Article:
In 1728, the second volume of a mysterious and still not completely explained tome titled A General History of the Pyrates was issued. The author of this book was one Captain Charles Johnson and in it he told the fascinating tale of a pirate captain named Misson who established not a utopia. A pirate utopia. A democratic-socialist pirate utopia. The pirates named their little slice of heaven Libertalia and founded it on the island of Madagascar. It seems that there had been prophesied from ancient days that a paradise would one day be discovered off the eastern coast of Africa. What is particularly interesting, however, is not how Libertalia fulfilled an ancient prophesy, but seemed to predict the ideals of collectivist utopia based on equitable distribution of the wealth.

The pirate utopia of Libertalia, according to Captain Johnson, rejected the capitalist methodology of high seas economics as practiced by the British and Spanish, while also embracing many tenets of liberal progressivism that even today are at odds with mainstream conservative ideology. The anti-monarchical stance that became a foundational element of Libertalia took an especially suspicious stance toward the doctrine of primogeniture and the larger aspects inherited wealth and power contained within. In fact, the idea of absolute power being endowed to the Captain of a ship was anathema. In a startlingly innovative and radical move, the pirate utopians who founded Libertalia instituted a rotational hierarchy of leadership in which no single person was ever granted too much power for too long; a lifelong appointment was ridiculed as the ultimate in corruption that it truly is. Long before the idea took hole in England, much less America, the pirates of Libertalia outlawed slavery and granted equality of rights to those of all races and nationalities. Looking toward the humanist revolution of the Enlightenment, the utopian pirates of Libertalia hailed ideas such as natural rights endowed by God and, of course, the exceptionally ground-breaking ideas related the sharing and distribution of property.

Charles Johnson wrote that Captain Misson and his pirate compadres would go so far as to steal slaves and emancipate them on the spot before taking them into the pirate fold. The basic elemental structure of Libertalia was a utopia based on democratic rule and socialist economics that affirmed such basic rights as freedom and liberty, while recognizing that those who put forth the labor should share equally in the profits. Indeed, Libertalia was far, far ahead of its time. It still would be today if it existed. And that is the ultimate question that begs to be asked. Did Libertalia ever actually exist?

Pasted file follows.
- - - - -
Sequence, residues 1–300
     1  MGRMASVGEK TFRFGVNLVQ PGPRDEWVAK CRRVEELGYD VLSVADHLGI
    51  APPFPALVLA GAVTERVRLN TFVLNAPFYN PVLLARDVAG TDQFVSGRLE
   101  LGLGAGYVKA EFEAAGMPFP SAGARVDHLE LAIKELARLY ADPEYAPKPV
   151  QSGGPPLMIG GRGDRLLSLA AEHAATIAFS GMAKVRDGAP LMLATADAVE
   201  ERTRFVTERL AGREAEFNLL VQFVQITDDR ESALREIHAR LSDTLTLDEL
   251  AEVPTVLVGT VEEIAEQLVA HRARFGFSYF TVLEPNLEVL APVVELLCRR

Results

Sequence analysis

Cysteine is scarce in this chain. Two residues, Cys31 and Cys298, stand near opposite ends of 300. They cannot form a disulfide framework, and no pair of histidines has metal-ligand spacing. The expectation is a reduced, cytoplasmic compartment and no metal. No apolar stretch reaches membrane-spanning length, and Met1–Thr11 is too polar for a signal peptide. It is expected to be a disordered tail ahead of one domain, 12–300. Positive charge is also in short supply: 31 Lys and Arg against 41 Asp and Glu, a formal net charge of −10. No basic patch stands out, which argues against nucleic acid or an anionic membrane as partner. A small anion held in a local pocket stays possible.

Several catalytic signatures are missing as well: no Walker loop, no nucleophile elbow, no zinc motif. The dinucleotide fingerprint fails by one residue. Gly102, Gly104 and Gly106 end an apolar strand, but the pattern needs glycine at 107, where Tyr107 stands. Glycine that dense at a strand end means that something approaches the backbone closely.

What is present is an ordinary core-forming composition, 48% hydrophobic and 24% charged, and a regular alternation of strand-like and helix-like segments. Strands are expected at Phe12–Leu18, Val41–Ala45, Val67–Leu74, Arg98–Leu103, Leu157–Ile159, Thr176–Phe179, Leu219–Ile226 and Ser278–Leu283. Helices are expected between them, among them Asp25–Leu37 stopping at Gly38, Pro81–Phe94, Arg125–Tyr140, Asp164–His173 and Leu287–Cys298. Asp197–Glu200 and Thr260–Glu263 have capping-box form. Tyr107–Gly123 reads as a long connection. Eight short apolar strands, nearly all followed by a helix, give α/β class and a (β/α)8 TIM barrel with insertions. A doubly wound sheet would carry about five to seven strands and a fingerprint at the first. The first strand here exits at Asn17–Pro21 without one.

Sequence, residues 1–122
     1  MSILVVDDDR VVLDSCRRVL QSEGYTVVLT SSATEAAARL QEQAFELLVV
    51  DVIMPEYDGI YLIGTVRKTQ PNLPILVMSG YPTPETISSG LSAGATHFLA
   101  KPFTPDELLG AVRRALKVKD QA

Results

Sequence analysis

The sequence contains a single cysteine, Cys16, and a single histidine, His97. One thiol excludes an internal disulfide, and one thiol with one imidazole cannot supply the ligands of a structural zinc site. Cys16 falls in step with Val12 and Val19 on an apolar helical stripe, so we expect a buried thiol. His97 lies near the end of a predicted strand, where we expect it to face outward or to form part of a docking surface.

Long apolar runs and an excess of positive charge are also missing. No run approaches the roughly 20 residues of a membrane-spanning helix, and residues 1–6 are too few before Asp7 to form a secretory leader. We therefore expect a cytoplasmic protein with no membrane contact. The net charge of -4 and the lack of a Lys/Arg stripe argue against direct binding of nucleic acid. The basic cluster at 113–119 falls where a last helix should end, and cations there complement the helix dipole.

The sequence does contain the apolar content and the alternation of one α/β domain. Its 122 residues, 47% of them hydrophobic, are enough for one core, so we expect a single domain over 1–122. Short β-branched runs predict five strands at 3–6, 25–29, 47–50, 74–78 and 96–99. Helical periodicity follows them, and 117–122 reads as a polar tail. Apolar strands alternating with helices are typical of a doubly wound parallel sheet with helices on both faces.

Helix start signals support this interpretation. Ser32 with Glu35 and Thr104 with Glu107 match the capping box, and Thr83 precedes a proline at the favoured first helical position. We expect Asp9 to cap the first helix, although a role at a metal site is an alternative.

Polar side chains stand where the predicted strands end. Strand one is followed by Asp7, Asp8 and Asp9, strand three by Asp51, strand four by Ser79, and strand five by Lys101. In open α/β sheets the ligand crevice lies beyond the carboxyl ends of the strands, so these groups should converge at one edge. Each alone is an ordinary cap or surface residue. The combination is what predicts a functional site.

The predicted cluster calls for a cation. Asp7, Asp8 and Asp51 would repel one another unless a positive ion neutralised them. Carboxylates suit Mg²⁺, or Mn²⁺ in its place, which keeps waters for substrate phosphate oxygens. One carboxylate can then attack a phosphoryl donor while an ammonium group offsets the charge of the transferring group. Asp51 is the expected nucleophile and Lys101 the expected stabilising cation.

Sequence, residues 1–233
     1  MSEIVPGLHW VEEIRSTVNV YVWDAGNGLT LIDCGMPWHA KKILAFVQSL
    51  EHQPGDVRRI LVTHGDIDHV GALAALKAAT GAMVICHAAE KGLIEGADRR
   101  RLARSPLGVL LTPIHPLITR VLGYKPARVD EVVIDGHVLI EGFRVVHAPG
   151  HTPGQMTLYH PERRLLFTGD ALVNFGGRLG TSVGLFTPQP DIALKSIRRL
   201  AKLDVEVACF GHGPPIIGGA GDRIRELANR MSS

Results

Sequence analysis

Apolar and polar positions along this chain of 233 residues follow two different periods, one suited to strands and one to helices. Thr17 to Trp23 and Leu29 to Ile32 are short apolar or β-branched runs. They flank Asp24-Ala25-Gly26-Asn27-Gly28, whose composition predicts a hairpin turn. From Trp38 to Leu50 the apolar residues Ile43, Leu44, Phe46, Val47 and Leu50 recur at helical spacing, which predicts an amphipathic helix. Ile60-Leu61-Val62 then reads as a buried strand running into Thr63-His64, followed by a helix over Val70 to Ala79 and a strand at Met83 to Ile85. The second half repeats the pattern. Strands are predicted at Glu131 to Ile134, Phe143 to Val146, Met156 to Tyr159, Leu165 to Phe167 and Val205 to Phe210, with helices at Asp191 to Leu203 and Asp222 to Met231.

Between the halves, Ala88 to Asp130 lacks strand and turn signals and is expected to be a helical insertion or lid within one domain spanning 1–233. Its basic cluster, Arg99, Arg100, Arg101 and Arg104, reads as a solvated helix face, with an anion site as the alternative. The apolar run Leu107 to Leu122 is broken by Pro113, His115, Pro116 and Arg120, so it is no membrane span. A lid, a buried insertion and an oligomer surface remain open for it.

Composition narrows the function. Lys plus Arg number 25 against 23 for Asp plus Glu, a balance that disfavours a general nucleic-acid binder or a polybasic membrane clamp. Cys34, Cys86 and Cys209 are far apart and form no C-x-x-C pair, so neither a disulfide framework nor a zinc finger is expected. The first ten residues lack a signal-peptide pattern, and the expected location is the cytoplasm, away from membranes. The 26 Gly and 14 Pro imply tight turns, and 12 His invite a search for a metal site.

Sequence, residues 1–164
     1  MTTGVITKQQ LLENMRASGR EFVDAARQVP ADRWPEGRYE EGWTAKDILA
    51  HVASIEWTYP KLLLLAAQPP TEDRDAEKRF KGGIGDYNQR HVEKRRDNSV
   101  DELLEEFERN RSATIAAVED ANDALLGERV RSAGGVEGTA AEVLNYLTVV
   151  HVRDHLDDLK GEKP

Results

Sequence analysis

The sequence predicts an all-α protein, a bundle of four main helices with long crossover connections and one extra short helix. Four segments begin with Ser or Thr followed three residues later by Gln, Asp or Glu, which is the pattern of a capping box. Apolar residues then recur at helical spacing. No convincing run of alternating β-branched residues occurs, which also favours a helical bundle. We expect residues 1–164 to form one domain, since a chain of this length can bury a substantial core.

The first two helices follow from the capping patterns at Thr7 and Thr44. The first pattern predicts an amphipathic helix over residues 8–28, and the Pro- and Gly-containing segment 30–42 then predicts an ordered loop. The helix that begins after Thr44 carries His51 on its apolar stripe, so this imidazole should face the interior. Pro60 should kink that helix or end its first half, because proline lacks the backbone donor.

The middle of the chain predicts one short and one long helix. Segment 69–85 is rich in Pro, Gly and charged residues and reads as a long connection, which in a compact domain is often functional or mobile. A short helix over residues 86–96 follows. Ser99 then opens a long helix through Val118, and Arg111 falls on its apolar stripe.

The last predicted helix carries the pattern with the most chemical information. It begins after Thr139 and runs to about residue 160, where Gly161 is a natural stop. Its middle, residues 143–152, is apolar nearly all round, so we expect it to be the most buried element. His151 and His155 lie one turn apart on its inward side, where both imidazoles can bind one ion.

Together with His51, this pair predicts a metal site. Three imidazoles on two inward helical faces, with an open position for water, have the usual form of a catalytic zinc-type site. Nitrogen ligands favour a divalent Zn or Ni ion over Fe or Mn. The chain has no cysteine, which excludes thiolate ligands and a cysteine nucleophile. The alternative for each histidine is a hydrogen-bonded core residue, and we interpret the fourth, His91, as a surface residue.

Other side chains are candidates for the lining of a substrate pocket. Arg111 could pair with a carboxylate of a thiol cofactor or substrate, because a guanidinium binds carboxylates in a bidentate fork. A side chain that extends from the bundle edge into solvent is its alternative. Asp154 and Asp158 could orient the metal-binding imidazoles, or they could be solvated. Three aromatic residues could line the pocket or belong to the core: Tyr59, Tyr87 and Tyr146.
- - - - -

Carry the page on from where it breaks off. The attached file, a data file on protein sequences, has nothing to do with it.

The answer appears to be no. Some have suggested that Charles Johnson was just a pen name for Daniel Defoe. And since no records of any kind exist to prove that Captain Mission or his utopia on Madagascar was anything other than a figment of somebody’s imagination, it truly does seem as though Libertalia never actually occurred. But that doesn’t mean it was entirely concocted. Although not a utopian settlement, there definitely was a pirate enclave on Madagascar named Ranter Bay. Ranters were a radical group of dissenters in England who essentially were pantheistic; they saw God in everything. Most dangerously, of course, was the idea that since God existed in everything, there really was no need for a church or organized religion. The Ranters were clearly precursors to much of the more humanist progressive ideas to arise from the English Revolution onward. Libertalia’s resistance to monarchical rule obviously has a basis in the Ranters ideological bent. The Pirates Code that makes up one of the plot gimmicks in the Pirates of the Caribbean movies also quite obviously has some meaty connective tissue to the ideals espoused by the pirates of Libertalia.

The idea that Daniel Defoe is the true author of A General History of the Pyrates is problematic, however, since one would be hard-pressed to describe his economic theories as socialist in nature, and there is plenty of writing upon which to base a reading of Defoe’s economics. At the same time, Defoe’s writing does give an indication of a radical democratic political point of view. The point is that what is known of pirate politics and socioeconomics is much closer to the tenets of Libertalian ideals than the European states of the time.

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